Tag Archives: kids

Cookbook featuring Local Kids in the Kitchen a Hit

By Guest Blogger Nancy Silcox

 

 

Who would have thunk it? A cookbook, featuring local kids whipping up their favourite recipes becoming a  Waterloo Region, Christmas season best seller?

Not so far-fetched as it seems, at least according to David Worsley, co-owner of Words Worth books in downtown Waterloo.

“The Giller Prize winner (Michael Redhill’s Bellevue Square)  and Goodnight Stories for Rebel Girls sold very well over the season,” says Worsley. “But Kids in the Kitchen: 80 Recipes by Kids, to Kids, for Kids came in a close third.”

Photographed with love and imagination by Kitchener’s Jennie Wiebe and New Hamburg’s Elisabeth Feryn, the book features over 80 kids, aged two years to nineteen in the kitchen creating their favourite recipes.

Ranging from breakfast fare, such as Baked Ham in Egg Cups to after-school snacks such as granola Bars; from soups and salads to favourite main courses like Mini-Personal Pizzas, the book was the brainchild of local writer Nancy Silcox.

“The book started out as a little fun project that I could do with my three granddaughters,” says Silcox. “Then it grew and grew as people asked if their kids could take part.”

Silcox was delighted with the response and had only one ground rule for the participants. “The recipes had to be kids’ favourites. No adults involved.”

Over 80 favourite recipes included kid “easy-makes” such as “Dead Easy Peanut Butter Cookies” and “Chicken Noodle Soup for Picky Eaters.” More time intensive dishes like “Hawaiian Chicken Kabobs” and “Chewy Chocolate Celebration Cake” also made their way onto the book’s 189 pages.

Aiming for an international feel too, Silcox invited kids outside Canada to join in. From Italy came Spaghetti Carbonara; from Uganda came Juma’s Samosas and from Columbia,  Arroz de Leche (Rice Pudding.)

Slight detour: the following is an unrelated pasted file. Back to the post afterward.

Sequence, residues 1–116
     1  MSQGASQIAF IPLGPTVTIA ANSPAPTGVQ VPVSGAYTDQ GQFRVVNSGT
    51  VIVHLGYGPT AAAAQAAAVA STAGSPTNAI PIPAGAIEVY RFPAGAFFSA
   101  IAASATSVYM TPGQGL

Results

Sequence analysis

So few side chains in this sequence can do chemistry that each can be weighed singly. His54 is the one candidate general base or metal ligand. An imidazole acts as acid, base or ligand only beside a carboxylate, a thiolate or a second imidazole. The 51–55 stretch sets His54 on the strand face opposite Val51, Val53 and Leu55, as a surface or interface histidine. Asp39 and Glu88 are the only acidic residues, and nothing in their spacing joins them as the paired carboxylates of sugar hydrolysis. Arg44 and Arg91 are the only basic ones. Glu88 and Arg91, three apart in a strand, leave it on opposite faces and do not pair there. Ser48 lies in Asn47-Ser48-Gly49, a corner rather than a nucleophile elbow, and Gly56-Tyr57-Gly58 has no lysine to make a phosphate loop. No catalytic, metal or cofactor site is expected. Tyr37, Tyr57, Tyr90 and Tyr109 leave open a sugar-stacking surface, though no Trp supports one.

Food sensitivities were considered too in Silcox’s book. Waterloo Region Councillor Jane Mitchell’s grandchildren Mary and Robert made for “Kids in the Kitchen” Vegan, Gluten-Free Chocolate Cupcakes. Clarissa’s Tuna Surprize and other pasta dishes are easily adaptable with rice noodles

With the recipes pouring into Silcox’s computer came food riddles: “what’s the only type of bean that doesn’t grow in the garden? A jelly bean;” food jokes “why did the tomato blush? Because it saw the salad dressing” and colourful art work.

Paired with Wiebe and Feryn’s top-notch photography, by the time the book was complete, 90 recipes and dozens of full-colour “extras”  were showcased.

Launched at the Baden Hotel on October 1 with a “standing room only” crowd in attendance, “Kids in the Kitchen” was an immediate hit.

“I’m guessing that hundreds of the books were opened on Christmas Day,” says Silcox.

As the New Year of 2018 opens, the little book that grew and grew keeps on giving.  All sales of the book are passed on to two local charities: Nutrition for Learning and Dreamshare for Uganda. Close to $15,000 has been raised for these charities to this point.

Copies of “Kids in the Kitchen” are available at Words Worth Book in Waterloo. “But don’t wait too long,” laughs Silcox. “They have a habit of disappearing quickly.”

 

Should cars stop for pedestrians?

On my way home from the region in my car today, I had to stop on Albert St. for several university students standing in the middle of the road. The traffic was stopped while a line of summer camp kids crossed the road and headed to the park. The university students were their counsellors.

Presently in Ontario, those councillors were disobeying the Highway Traffic Act because pedestrians do not have the right of way like they do in many other jurisdictions.

But Albert St. is so busy, they would not have been able to get the kids safely across the street or across the street at all if they had to wait for traffic to clear. They could, of course, gone to the pedestrian light a little further up the road.

This was an interesting moment for me as I had just finished a conversation with one of our planners who is on a provincial committee looking into making our province safer for pedestrians. Right now pedestrains have the right of way at roundabouts only and cars must stop for them.

The provincial committee is suggesting changing the traffic act so pedestrians always have the right-of-way. So the campers would be legal.

I wonder what it would do to jaywalking by-laws? Make them redundant, I guess.  In Waterloo, I can cross the street in downtown Waterloo  in mid-block without getting a ticket but in Kitchener, I would get a ticket.

Studies of pedestrians note that they tend to move in a diagonal pattern from store to store if say they are in a mall or on a quiet street.  Does the fact that I can cross mid-block in Waterloo while dodging traffic (though many politely stop) create another reason why Waterloo’s Uptown is healthier than downtown Kitchener?